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Joint Induction of Shape Features and Tree Classifiers
 IEEE Trans. PAMI
, 1997
"... We introduce a very large family of binary features for twodimensional shapes. The salient ones for separating particular shapes are determined by inductive learning during the construction of classi cation trees. There is a feature for every possible geometric arrangement of local topographic code ..."
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Cited by 75 (6 self)
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We introduce a very large family of binary features for twodimensional shapes. The salient ones for separating particular shapes are determined by inductive learning during the construction of classi cation trees. There is a feature for every possible geometric arrangement of local topographic codes. The arrangements express coarse constraints on relative angles and distances among the code locations and are nearly invariant to substantial a ne and nonlinear deformations. They are also partially ordered, which makes it possible to narrow the search for informative ones at each node of the tree. Di erent trees correspond to di erent aspects of shape. They are statistically weakly dependent due to randomization and are aggregated in a simple way. Adapting the algorithm to a shape family is then fully automatic once training samples are provided. As an illustration, we classify handwritten digits from the NIST database � the error rate is:7%.
Randomized Inquiries About Shape; an Application to Handwritten Digit Recognition
, 1994
"... We describe an approach to shape recognition based on asking relational questions about the arrangement of landmarks, basically localized and oriented boundary segments. The questions are grouped into highly structured inquiries in the form of a tree. There are, in fact, many trees, each constructed ..."
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Cited by 4 (1 self)
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We describe an approach to shape recognition based on asking relational questions about the arrangement of landmarks, basically localized and oriented boundary segments. The questions are grouped into highly structured inquiries in the form of a tree. There are, in fact, many trees, each constructed from training data based on entropy reduction. The outcome of each tree is not a classification but rather a distribution over shape classes. The final classification is based on an aggregate distribution. The framework is nonEuclidean and there is no feature vector in the standard sense. Instead, the representation of the image data is graphical and each question is associated with a labeled subgraph. The ordering of the questions is highly constrained in order to maintain computational feasibility, and dependence among the trees is reduced by randomly subsampling from the available pool of questions. Experiments are reported on the recognition of handwritten digits. Although the amount ...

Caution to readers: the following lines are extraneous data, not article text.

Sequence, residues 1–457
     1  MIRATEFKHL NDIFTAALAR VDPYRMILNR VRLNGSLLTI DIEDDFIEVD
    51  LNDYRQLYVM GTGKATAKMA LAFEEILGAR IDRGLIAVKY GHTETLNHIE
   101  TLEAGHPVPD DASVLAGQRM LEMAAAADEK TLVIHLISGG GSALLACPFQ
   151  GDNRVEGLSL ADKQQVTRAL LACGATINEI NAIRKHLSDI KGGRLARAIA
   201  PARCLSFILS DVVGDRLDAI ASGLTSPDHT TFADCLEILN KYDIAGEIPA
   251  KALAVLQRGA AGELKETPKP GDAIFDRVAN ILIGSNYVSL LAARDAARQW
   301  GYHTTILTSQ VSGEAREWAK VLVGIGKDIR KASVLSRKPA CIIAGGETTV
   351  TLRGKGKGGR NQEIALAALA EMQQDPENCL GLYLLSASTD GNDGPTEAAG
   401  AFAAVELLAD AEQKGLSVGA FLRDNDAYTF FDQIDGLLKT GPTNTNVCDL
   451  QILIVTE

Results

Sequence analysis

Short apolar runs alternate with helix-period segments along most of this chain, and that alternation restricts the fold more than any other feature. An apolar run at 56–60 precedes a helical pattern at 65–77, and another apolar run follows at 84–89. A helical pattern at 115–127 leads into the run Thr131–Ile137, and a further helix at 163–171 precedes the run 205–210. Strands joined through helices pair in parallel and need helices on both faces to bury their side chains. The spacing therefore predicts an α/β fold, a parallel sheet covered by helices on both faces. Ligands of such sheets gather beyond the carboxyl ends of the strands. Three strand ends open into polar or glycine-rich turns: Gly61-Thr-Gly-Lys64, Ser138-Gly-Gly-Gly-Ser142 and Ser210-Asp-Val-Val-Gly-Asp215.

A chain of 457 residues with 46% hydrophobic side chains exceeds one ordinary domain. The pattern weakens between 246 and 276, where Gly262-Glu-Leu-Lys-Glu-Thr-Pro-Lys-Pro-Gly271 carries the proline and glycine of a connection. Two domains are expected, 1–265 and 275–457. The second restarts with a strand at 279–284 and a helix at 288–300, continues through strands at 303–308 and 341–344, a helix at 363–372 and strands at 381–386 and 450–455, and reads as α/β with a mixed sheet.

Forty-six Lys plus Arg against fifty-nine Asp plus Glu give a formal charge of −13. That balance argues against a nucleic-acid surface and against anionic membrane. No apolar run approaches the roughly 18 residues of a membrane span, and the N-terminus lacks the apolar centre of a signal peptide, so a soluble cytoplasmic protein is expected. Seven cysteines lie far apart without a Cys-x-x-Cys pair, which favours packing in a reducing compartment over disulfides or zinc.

Mixtures of Latent Variable Models for Density Estimation and Classification
, 2000
"... This paper deals with the problem of probability density estimation with the goal of finding a good probabilistic representation of the data. One of the most popular density estimation methods is the Gaussian mixture model (GMM). A promising alternative to GMMS are the recently proposed mixtures of ..."
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Cited by 2 (0 self)
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This paper deals with the problem of probability density estimation with the goal of finding a good probabilistic representation of the data. One of the most popular density estimation methods is the Gaussian mixture model (GMM). A promising alternative to GMMS are the recently proposed mixtures of latent variable models. Examples of the latter are principal component analysis and factor analysis. The advantage of these models is that they are capable of representing the covariance structure with less parameters by choosing the dimension of a subspace in a suitable way. An empirical evaluation on a large number of data sets shows that mixtures of latent variable models almost always outperform various GMMS both in density estimation and Bayes classifiers. To avoid having to choose a value for the dimension of the latent subspace by a computationally expensive search technique such as crossvalidation, a Bayesian treatment of mixtures of latent variable models is proposed. This framework makes it possible to determine the appropriate dimension during training and experiments illustrate its viability.